Having too much of a good thing can be dangerous, particularly when it comes to company stock. Equity compensation has the potential to build wealth. But restricted stock, stock options, and other company stock plans can also lead to unintended concentrations in your portfolio—and heightened volatility. But there are strategies you can use to manage that risk, and navigate the taxes and rules that come with company stock.
"Many employees with equity compensation plans don't understand just how much of their wealth is concentrated in company stock or the risk it poses to their portfolio," says Kim Papik, vice president of equity compensation planning at Fidelity Investments. "Even companies that have produced a lot of wealth for an individual may run into trouble, and a concentrated portfolio, particularly one built on stock options, may be at risk for significant losses."
Concentration: Know what you own
Even if you've watched the value of your shares climb over time, there are good reasons to meet with an advisor and discuss your stock exposure: Concentration can put your wealth at risk. That's particularly true for company stock, where your salary, deferred compensation, benefits, and investments may be tied to the same company.
History is littered with examples of great companies whose fortunes turned, and shareholders who lost significant wealth. Even among the largest and most established companies in the US, change is continuous. Consider this: The average S&P 500 company lasts just over 20 years in the index, and on average about half of all S&P 500 companies will fall behind, go bankrupt, or be sold, and drop out of the index over the next 10 years.
Holding too much of one stock will likely mean more volatility. The average single stock in the Russell 3000 experienced well over twice the volatility of a diversified portfolio, with annualized volatility of close to 45%.
That volatility could have big implications for the value of a stock portfolio. Consider the hypothetical example below, showing the impact of a series of 10% price moves—both up and down—on a portfolio of $500,000 of company shares.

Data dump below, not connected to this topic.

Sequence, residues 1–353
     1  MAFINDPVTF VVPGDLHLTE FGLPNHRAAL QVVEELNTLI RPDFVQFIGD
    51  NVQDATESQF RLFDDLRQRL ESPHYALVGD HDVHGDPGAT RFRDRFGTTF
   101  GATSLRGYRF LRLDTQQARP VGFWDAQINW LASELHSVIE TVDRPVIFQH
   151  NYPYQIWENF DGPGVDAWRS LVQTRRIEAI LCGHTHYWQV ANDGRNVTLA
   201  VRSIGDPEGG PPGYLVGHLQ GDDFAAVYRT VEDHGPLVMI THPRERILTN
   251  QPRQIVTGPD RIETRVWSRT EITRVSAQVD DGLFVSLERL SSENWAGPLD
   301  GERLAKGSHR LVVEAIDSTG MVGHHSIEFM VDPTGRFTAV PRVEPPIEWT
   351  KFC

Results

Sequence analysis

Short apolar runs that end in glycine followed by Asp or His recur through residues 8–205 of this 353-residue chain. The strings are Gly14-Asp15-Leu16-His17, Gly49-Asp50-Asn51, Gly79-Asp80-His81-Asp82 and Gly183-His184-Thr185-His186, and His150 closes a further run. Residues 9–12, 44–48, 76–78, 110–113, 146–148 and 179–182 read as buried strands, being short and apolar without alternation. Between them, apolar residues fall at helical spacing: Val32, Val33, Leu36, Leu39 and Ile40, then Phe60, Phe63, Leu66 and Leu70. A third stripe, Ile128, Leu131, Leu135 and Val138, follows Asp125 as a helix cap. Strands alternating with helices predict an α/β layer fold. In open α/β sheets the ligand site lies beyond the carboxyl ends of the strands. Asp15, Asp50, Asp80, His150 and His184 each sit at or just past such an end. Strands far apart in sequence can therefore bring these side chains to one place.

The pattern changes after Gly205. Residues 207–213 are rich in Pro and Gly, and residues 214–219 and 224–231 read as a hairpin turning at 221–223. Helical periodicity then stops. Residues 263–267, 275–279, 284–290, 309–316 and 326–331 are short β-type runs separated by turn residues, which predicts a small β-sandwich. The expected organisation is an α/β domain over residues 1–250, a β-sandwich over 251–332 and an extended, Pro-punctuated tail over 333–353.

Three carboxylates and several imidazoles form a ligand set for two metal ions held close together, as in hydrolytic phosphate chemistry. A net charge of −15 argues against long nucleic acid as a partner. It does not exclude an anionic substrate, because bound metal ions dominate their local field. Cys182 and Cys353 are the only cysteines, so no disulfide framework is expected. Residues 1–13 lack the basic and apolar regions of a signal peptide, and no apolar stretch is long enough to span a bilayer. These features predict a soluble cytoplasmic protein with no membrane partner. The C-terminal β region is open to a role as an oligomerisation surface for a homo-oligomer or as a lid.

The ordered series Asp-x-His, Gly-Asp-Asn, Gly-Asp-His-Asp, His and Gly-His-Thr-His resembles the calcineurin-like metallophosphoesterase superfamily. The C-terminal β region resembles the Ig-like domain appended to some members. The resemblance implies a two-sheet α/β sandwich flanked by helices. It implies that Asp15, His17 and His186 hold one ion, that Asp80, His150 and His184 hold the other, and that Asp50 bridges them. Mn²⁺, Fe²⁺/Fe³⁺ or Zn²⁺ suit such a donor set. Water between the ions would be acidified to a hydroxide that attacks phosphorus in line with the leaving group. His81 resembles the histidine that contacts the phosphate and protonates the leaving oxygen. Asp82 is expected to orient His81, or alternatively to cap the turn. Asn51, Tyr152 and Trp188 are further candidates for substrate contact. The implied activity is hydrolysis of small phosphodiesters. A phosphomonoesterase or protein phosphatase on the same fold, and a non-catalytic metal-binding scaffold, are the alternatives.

Steps to manage your company stock
If you have a large portion of your wealth in company stock, you may want to sell some of those shares and diversify your portfolio. Sounds easy enough. The challenge is that rules governing company stock grants and options can be complicated. Some employees are limited in what shares they can sell or when they can sell them. And selling can come with big tax implications.
Fortunately, there are strategies you can use to help you manage risk. Here are 4 keys to unraveling concentrated positions while trying to minimize the tax hit.
1. Know how much is too much
Start with a plan for a mix of stocks, bonds, and cash, based on your timeline, risk tolerance, financial situation, and goals. Then consider how your company stock fits within that plan. Our rule of thumb: Try to limit any one stock or bond issuer (other than the US government) to no more than 5% of your stock or bond portfolio for a given goal, so say 5% of your retirement savings.
Many employees with company stock plans will have shares well beyond this threshold. And how much is right for you is a personal decision. Some investors have 15% to 20%. But before you sign off on such a large concentration, ask yourself how you would feel if that 15% to 20% were to drop sharply relative to the market overall.
2. Know what shares to sell when
If you do decide to get rid of some of your company stock, you will need to figure out which shares to keep and which to sell.
Beyond the plan rules that may limit what you can sell, taxes are a major factor. Our rule of thumb: Look for shares with the least tax impact first.
Think about beginning with shares that have lost value since being purchased, since you can deduct losses against gains. If your losses are greater than your gains, you can use the remaining losses to offset up to $3,000 of your ordinary taxable income (losses that exceed capital gains and $3,000 of ordinary income can be used in future tax years). Then consider selling shares in tax-deferred accounts like 401(k)s and IRAs, followed by appreciated shares in a taxable account held for a year or more, since these could be taxed at a relatively low federal capital gains rate of 20%. Finally, consider selling appreciated shares in taxable accounts held for less than a year, but be aware these are subject to federal ordinary income tax rates as high as 37%.